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Teen charged with murder
BENTON, Mo. -- The earth over Stanley Frank Hagan's grave in Scott City's Lightner Cemetery is still fresh enough to have no grass growing on it.
But Hagan died more than three months ago, and during that time Scott City police were quietly investigating the cause of the head injuries that led to his death in late September.
On Thursday morning, a Scott County grand jury determined there was probable cause to believe Hagan was murdered by 18-year-old Marcus A. Bowers of Scott City. The indictment alleges that Bowers murdered Hagan at an undisclosed Scott County address by slamming his head into a mobile home tie-down stake.
Bowers was already in the Scott County Jail on charges of child molestation for allegedly having sex with a 14-year-old girl. He is now charged with first-degree murder and armed criminal action in Hagan's death.
The incident that led to Hagan's death occurred Sept. 23. Hagan died five days later at Saint Francis Medical Center after two emergency surgeries. Hagan's sister, Susan Koerber, said his death was a direct result of the head injuries he sustained.
The act that caused his death occurred in Scott City, though police are not releasing many details, including the address where the death happened and the identity of anyone present beside Hagan and Bowers.
Scott City police initially treated the death as accidental and reported the death as such to the Southeast Missourian. They later started investigating it as a murder after Sheriff Rick Walter reviewed the incident and suggested foul play, said Scott City police chief Don Cobb.
"Every unaccompanied death is considered a homicide until such time as it can be proven otherwise," Cobb said in a written statement. "Our initial investigation included the possibility that the subjects involved were telling the truth and this was simply a slip and fall accident. On further review by the Sheriff there were some issues raised. Then the story concocted by the subjects on site began to fall apart. Once there was a breach in those stories it became obvious that this was something much more sinister than a man falling down some steps."
Walter downplayed his role, saying he acted as a "sounding board" for Cobb but that the Scott City police were responsible for the investigation and securing evidence needed for the indictment. He defended the secrecy of the investigation, saying "I know there's some question about why he was not arrested immediately, but on a case like this, it's better to have all your ducks in a row for the prosecutor to do his job."
Cobb said the investigation was kept from the public to preserve the secrecy needed to protect witnesses and prevent Bowers from knowing the investigation was in progress while police gathered evidence against him.
"Any investigation of this magnitude requires a great deal of attention to detail and that takes time," Cobb said in his statement. "We don't want suspects to leave the area or intimidate or endanger our witnesses so it is extremely important to not allow information into the community."
Authorities are being tight-lipped about the events that led to Hagan's death even after the indictment has been secured.
Police and prosecutors are only releasing information contained in the murder and armed criminal action indictments against Bowers. Even the time of the incident and the address haven't been released to the public.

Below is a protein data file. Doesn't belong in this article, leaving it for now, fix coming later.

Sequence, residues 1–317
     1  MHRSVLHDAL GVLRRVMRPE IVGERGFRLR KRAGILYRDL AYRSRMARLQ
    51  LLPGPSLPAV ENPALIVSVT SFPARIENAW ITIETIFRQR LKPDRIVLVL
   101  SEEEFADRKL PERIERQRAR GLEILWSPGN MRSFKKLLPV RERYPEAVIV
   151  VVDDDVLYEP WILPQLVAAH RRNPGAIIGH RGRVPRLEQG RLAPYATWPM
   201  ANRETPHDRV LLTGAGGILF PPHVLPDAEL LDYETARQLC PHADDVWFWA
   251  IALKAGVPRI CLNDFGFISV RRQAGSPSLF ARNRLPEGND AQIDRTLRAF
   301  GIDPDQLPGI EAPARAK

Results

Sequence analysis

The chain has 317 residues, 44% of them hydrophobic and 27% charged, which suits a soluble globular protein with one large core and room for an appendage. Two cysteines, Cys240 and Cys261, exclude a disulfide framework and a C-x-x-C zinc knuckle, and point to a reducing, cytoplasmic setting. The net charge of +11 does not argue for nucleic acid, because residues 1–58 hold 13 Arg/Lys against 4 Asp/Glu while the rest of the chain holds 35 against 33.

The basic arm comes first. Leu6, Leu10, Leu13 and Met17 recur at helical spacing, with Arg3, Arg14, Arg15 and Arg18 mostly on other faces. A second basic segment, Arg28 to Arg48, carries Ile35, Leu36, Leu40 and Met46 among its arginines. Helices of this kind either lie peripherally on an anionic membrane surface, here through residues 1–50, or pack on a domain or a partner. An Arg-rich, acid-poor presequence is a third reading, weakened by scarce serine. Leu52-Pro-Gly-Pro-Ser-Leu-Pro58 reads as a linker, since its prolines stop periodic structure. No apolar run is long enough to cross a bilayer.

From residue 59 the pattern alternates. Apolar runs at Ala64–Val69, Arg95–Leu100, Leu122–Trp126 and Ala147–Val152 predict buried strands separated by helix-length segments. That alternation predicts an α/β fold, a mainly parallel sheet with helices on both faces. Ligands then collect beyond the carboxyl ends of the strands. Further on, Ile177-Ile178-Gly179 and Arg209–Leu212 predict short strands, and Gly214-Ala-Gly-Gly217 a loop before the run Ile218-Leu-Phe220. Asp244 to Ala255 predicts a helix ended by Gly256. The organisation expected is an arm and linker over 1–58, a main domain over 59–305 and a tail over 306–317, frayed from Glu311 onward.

Two Scott City residents, who say they're familiar with the situation but wish to remain anonymous, said the alleged murder occurred in a trailer park on Crites Street in Scott City.
One anonymous source close to people who live in the trailer where the alleged murder took place said Bowers brought Hagan to the home, and after an altercation inside, Hagan was kicked out. The source said Bowers then followed Hagan outside the mobile home, where the alleged murder occurred. Neither Hagan nor Bowers lived at the home, but they had acquaintances who did, the source said.
Leo Beauchamp, owner of the property where the anonymous sources say the alleged murder happened, said he'd heard talk that a violent crime might have happened at one of his trailers but that police never approached him about the situation.
Because Bowers was indicted by a grand jury instead of the more common method of charges by a felony complaint, there is no public record of probable cause that led to the arrest. The grand jury indicts people based on evidence it sees and testimony it hears in closed proceedings. In felony complaint charges, a prosecutor must submit a probable-cause affidavit to a judge giving an account of events leading up to the crime, and the judge then decides whether there's enough evidence to file charges. The probable-cause affidavit is public record.
Scott County Prosecuting Attorney Paul Boyd said only that he sought the grand jury indictment because the county already had an active grand jury and indicting a suspect expedites the trial process because the defendant's case goes straight to the circuit court level instead of starting at the associate circuit level.
The last murder case in Scott City was in July 2002, according to Southeast Missourian records. John David Mayabb was stabbed to death by his stepson, Christopher Lance Jones, in his home on Olive Street. Two years later Jones was sentenced to 25 years in prison.
In 2004, 23-year-old Chad L. Chaney was fatally stabbed in a fight in a rural area near Scott City at an area called "Red Gate." Robert L. Grant Jr. of Scott City pleaded guilty to involuntary manslaughter in that case in 2005.
Bowers' bond is set at $250,000. His next court appearance will likely be Jan. 10 before Scott County Circuit Judge David Dolan.
335-6611, extension 182